The results of Cisco’s Visual Networking Index (VNI) Forecast released today, shows New Zealand’s mobile internet growth in 2016 will outpace traditional fixed-line services by between three to five times.
In its fifth year, Cisco's VNI Forecast collates independent analyst forecasts and data, which is compared with data provided by consumers and government organisations.
The forecast predicts traffic across fixed-line internet in 2016 will reach 105 petabytes (110,100,480GB) a month, up five-fold from the 2011 figure of 21PB. For comparison, 1PB is about 250,000 DVDs worth of data, and 100PB is the amount of data CERN's particle collider produces in one minute.
Global IP traffic will reach 109.5 exabytes (1000PB) per month in 2016, up from 30.7EB last year.
New Zealand's mobile internet traffic in 2016 will increase to 17PB per month, up from 1PB in 2011.
Cisco predicts a massive increase in mobile data usage for businesses up from .59PB per month to 5PB, a 10-fold increase in usage compared to the fixed line traffic which is predicted to only double.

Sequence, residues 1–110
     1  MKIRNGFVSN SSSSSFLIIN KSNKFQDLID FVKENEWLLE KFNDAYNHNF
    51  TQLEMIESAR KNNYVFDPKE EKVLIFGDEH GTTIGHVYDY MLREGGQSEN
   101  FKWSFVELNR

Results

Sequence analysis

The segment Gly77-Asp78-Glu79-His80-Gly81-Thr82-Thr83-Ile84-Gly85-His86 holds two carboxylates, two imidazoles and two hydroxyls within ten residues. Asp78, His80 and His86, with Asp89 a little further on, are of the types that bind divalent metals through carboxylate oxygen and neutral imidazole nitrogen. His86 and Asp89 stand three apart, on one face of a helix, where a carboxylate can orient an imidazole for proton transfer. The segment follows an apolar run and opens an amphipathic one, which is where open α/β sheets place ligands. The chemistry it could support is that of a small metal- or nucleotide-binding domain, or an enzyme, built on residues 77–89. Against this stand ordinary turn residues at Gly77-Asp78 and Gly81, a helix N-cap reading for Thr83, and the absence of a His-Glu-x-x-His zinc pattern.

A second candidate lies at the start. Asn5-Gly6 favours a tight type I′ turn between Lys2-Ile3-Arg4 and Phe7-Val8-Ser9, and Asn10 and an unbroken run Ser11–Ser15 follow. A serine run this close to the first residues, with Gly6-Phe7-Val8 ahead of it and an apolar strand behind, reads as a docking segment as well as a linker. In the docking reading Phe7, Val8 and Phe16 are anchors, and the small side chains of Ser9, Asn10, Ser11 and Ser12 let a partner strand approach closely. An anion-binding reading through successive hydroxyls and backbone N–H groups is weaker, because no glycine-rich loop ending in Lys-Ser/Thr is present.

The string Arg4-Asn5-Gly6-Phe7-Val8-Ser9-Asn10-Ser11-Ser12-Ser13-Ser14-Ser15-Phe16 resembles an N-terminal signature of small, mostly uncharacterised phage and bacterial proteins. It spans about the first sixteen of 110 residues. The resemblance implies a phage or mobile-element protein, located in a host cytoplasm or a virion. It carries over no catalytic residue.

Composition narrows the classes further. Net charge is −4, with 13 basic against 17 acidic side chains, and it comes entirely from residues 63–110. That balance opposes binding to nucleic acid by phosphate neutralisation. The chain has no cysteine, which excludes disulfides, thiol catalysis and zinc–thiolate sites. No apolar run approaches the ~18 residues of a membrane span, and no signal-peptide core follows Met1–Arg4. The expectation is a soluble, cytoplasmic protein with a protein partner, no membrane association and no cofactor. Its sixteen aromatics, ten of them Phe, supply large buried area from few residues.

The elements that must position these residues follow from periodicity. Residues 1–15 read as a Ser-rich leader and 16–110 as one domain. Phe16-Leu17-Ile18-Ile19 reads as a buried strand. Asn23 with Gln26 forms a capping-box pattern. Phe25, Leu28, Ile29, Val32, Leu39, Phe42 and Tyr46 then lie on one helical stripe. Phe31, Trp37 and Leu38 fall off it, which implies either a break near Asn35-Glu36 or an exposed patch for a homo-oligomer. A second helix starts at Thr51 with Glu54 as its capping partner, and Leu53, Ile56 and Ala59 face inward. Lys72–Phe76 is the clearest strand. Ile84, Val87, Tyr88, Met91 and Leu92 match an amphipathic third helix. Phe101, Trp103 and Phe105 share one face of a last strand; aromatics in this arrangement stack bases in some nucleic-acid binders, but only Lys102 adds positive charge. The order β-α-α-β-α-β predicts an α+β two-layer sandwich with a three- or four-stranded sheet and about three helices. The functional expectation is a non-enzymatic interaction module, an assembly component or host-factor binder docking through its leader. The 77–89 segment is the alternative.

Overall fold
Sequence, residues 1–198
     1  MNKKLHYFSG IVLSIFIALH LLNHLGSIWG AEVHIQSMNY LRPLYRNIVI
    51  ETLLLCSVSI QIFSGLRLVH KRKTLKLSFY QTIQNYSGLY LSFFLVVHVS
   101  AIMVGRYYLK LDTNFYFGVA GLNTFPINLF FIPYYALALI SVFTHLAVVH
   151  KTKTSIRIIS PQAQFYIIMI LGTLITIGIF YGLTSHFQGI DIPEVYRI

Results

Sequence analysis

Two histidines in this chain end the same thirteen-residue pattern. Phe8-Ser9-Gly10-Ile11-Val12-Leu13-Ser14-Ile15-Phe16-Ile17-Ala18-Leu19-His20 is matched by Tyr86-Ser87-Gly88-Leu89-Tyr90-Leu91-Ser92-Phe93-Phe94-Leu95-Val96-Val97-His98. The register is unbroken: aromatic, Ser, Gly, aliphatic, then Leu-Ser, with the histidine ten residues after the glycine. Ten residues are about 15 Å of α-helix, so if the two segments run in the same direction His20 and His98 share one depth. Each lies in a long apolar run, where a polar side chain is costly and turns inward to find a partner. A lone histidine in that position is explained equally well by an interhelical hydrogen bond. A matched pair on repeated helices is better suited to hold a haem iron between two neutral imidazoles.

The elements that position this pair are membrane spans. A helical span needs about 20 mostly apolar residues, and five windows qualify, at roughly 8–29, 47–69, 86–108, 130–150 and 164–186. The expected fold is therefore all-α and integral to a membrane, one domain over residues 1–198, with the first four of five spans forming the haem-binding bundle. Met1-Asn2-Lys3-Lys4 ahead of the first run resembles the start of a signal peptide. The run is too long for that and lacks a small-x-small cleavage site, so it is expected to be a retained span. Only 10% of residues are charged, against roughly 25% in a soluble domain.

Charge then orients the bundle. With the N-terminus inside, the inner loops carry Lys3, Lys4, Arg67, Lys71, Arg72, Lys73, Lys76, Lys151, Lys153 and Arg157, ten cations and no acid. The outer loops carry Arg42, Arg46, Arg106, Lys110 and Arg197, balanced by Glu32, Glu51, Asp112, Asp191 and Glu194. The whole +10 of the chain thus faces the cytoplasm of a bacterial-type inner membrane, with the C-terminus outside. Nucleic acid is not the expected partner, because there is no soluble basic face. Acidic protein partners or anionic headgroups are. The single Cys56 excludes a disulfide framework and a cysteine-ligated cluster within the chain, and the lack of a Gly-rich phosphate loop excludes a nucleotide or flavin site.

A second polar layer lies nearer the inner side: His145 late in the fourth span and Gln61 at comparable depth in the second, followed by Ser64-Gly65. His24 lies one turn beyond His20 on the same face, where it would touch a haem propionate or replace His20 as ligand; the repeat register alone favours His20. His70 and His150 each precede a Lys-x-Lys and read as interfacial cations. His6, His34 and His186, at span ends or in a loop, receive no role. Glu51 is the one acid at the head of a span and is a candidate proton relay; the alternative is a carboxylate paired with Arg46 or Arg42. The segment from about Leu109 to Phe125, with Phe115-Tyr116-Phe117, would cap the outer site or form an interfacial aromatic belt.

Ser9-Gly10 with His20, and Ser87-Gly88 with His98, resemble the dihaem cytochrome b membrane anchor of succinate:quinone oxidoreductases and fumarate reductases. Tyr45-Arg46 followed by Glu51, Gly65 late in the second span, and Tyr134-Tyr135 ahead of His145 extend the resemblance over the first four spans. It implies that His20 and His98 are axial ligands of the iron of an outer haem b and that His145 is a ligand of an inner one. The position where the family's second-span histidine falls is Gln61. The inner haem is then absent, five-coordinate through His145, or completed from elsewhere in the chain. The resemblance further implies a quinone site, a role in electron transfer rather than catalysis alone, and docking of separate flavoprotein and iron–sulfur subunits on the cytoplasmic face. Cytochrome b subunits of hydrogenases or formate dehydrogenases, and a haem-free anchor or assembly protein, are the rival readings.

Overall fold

In 2016 the average mobile connection will use 2.1GB of data, compared to the average of 229MB that was used in 2011. At current pricing plans, this could cost consumers between $100 and $200 per month.
Current Pricing for Mobile Plans with 2GB Data
|Carrier||Minutes + TXTs (overage)||Contract Term||Price per month|
|Telecom||300 mins, 300 TXTs, (10c per MB)||12/24 months||$100|
|Vodafone||300 mins, 2500 TXTs||24 months||$120|
|2degrees||Unlimited calling, 2500 TXTs, (50c per MB)||Monthly||$199|
Global mobile internet data traffic is forecast to increase 18 times from 2011 to 2016, to 10.8 exabytes per month (or 130 exabytes annually).
With services like YouTube Quickflix, iSky, and the recently announced Freeview On Demand, Cisco predicts that 64 percent of all internet traffic in New Zealand will be used for the consumption of video.
Meanwhile, internet video-to-TV services like Google TV, Apple TV, and IPTV services like Stuff will only see a one percent rise to seven percent of consumer traffic.